Fog/stratus over Lake Michigan

June 30th, 2018 |

GOES-16

GOES-16 “Red” Visible (0.64 µm) images, with hourly plots of surface reports [click to play animation | MP4]

As a warm and very humid air mass (surface analyses) moved northward across the relatively cool waters of Lake Michigan on 30 June 2018, GOES-16 (GOES-East) “Red” Visible (0.64 µm) images (above) revealed complex interactions of the resulting fog/stratus with coastlines and islands — features such as “bow shock waves” and internal reflections of waves off the northern end of the lake could be seen.

A 30-meter resolution Landsat-8 false-color Red-Green-Blue (RGB) image viewed using RealEarth (below) provided a very detailed view of the fog/stratus structure over the northern end of the lake.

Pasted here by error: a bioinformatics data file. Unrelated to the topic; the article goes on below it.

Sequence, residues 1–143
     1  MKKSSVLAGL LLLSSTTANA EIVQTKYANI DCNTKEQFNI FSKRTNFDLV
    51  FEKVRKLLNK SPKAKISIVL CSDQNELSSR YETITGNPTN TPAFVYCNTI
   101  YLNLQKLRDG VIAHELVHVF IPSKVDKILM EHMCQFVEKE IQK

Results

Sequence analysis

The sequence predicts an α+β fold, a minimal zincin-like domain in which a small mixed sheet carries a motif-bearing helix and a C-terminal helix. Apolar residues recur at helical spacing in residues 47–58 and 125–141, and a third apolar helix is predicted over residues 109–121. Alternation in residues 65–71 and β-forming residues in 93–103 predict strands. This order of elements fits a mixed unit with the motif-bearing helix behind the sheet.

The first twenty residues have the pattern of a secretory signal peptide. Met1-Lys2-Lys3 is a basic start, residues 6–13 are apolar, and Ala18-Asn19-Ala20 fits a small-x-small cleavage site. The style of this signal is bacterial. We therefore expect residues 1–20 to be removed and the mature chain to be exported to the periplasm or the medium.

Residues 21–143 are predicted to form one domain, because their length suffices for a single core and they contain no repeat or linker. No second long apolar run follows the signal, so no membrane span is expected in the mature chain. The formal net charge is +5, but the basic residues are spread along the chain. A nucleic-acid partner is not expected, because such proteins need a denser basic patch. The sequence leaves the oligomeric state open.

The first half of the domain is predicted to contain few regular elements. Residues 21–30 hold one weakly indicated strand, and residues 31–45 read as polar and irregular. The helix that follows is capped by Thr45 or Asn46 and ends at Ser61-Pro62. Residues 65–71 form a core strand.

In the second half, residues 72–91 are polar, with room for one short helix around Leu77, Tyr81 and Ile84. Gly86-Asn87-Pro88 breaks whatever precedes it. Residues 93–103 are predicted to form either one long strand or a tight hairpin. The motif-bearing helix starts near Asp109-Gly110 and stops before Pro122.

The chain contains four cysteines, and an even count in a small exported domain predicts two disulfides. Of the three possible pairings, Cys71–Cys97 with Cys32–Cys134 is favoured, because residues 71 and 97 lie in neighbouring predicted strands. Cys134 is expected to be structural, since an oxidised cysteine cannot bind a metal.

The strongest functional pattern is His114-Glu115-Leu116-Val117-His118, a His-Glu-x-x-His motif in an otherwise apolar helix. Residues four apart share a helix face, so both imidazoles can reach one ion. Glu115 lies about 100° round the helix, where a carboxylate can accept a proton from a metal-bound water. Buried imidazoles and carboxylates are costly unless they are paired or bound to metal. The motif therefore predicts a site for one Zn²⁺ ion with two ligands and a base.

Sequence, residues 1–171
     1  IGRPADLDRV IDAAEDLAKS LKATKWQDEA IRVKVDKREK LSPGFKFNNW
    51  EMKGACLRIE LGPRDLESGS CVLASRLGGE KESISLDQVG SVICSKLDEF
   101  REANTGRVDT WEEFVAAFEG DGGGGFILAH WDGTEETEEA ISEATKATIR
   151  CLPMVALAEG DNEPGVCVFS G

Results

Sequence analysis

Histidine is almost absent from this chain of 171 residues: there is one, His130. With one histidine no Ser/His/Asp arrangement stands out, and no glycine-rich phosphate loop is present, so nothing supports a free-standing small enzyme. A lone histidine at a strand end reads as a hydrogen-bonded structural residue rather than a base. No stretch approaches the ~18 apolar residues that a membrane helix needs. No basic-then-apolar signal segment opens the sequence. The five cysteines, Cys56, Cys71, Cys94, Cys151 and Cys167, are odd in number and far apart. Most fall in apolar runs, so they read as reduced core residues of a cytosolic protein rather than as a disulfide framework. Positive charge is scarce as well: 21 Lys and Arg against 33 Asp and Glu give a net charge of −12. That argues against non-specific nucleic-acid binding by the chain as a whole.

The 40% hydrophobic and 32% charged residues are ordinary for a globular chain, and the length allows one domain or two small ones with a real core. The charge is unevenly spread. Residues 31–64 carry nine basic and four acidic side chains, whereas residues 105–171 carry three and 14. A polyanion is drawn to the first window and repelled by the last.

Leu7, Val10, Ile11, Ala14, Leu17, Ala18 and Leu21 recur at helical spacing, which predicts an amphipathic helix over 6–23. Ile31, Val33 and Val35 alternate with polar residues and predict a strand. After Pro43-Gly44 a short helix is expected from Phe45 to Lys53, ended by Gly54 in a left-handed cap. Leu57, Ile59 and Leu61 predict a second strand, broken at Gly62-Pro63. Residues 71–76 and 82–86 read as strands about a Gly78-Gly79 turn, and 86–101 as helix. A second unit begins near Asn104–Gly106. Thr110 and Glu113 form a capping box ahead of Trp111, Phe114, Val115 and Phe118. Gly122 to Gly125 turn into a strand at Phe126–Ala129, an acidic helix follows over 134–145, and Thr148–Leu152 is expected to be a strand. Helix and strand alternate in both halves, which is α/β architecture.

Landsat-8 false-color RGB image [click to enlarge]

Landsat-8 false-color RGB image [click to enlarge]

The Aqua MODIS Sea Surface Temperature product at 1734 UTC (below) showed SST values in the middle 60s to around 70ºF across the southern end of Lake Michigan (the southern lake buoy reported a water temperature of 66ºF), transitioning to SST values around 60ºF mid-lake. The northern lake buoy reported a water temperature of 54ºF — much colder than the surface air dew points that were in the low to middle 70s F, which explained the more widespread coverage of lake fog/stratus farther north.

Aqua MODIS Sea Surface Temperature product, with plots of surface and buoy reports [click to enlarge]

Aqua MODIS Sea Surface Temperature product, with plots of surface and buoy reports [click to enlarge]

Severe thunderstorms in Wyoming and South Dakota

June 29th, 2018 |

GOES-16

GOES-16 “Red” Visible (0.64 µm) images, with SPC storm reports plotted in red [click to play MP4 animation]